I’m quite a fan of Andrew W.K’s column in the Village Voice, “Ask Andrew W.K.”
He’s always given sound advice to those who write in with an even head, reasoned temper, and responsive pen, but here he knocks it out of the park when responding to a young man full of vitriol and hatred for his cheating ex-girlfriend.
Take a moment to read this article and give it the full weight it deserves, especially if someone’s ever been unfaithful to you. There’s a lot of great insights here worth pondering.
In situations where we’ve been hurt by someone, our natural instinct is to lash out at everything we associate with that person. But we can quickly find ourselves “throwing the baby out with the bathwater.”…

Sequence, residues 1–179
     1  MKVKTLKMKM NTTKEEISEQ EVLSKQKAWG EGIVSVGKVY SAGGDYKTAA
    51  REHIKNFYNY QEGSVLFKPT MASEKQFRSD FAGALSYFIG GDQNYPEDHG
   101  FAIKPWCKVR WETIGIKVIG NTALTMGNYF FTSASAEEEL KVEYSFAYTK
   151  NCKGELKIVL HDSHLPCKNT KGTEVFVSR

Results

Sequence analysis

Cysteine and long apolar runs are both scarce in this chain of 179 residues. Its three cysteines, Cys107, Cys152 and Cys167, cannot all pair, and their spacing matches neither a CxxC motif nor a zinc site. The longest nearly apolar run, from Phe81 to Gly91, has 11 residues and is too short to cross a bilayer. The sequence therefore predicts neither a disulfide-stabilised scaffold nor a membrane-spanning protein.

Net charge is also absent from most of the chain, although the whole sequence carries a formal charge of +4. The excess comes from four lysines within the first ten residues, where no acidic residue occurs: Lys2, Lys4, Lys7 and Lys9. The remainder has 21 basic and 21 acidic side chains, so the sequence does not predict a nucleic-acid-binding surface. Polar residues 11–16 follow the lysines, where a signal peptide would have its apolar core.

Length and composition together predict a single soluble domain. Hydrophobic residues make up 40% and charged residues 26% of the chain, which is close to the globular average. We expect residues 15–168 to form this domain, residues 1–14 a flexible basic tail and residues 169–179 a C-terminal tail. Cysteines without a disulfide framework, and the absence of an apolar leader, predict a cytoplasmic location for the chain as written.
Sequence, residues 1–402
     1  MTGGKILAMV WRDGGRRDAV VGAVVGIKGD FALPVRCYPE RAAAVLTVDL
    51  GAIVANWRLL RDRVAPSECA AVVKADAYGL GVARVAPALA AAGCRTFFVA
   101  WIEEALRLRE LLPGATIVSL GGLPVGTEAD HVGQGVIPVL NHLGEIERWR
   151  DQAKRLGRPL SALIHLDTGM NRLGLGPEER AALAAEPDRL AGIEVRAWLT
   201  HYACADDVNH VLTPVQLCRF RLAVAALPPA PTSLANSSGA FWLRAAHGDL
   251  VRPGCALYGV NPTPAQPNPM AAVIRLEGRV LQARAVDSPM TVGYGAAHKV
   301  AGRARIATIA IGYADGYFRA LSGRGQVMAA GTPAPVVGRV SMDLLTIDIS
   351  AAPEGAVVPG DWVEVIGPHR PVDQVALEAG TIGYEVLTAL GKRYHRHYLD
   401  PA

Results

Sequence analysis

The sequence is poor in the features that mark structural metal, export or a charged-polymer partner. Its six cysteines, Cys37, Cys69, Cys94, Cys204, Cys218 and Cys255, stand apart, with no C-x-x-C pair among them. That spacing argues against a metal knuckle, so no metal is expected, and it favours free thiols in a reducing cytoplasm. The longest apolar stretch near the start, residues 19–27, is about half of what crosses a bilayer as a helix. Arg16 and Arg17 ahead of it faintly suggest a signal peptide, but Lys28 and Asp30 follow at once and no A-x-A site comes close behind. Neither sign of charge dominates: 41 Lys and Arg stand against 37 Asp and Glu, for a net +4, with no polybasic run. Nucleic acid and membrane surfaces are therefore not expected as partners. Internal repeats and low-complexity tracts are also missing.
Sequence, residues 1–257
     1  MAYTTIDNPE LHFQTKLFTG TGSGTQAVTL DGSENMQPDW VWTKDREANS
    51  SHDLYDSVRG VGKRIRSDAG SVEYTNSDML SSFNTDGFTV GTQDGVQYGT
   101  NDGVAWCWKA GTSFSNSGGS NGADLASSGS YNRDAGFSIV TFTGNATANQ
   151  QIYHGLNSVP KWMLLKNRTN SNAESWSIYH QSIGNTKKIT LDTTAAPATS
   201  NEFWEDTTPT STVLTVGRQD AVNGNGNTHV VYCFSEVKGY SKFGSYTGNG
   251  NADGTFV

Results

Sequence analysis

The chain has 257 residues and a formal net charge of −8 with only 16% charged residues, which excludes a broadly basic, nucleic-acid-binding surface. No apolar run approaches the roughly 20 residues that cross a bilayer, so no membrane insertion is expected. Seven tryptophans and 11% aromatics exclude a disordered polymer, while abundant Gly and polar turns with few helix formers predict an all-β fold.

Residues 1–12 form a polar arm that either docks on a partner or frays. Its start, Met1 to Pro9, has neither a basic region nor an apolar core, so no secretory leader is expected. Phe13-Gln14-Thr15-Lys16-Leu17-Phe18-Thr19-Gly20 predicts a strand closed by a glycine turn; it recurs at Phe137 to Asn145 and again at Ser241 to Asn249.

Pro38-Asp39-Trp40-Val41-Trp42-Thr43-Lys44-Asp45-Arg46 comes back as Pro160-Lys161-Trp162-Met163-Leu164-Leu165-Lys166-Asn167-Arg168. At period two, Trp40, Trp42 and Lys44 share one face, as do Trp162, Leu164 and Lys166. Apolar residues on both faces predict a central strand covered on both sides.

We must resist the temptation to lump everyone together and make sweeping generalizations and stereotypes based on our experience with just a few people, no matter how unpleasant those experiences were. When people defend this approach, they often say, “Well, stereotypes exist for a reason.” And yes, stereotypes do exist for a reason, but not because they’re accurate judgments of people’s character.
Stereotypes exist because thinking deeply and honestly is challenging and tiring, and it saves a lot of time not having to think that hard all the time. But when we decide to jump to conclusions about people without investing too much thought into our judgments, we get substandard results, and that’s what stereotypes are — low-level generalizations of impossibly complex things, i.e., people.
It’s nearly impossible to make accurate sweeping judgments about individual human beings. People are simply too complex, too layered, and too nuanced to be understood as a set of labels or classifications. To think of people as “types” dehumanizes them.
Have a great Thursday. More to follow.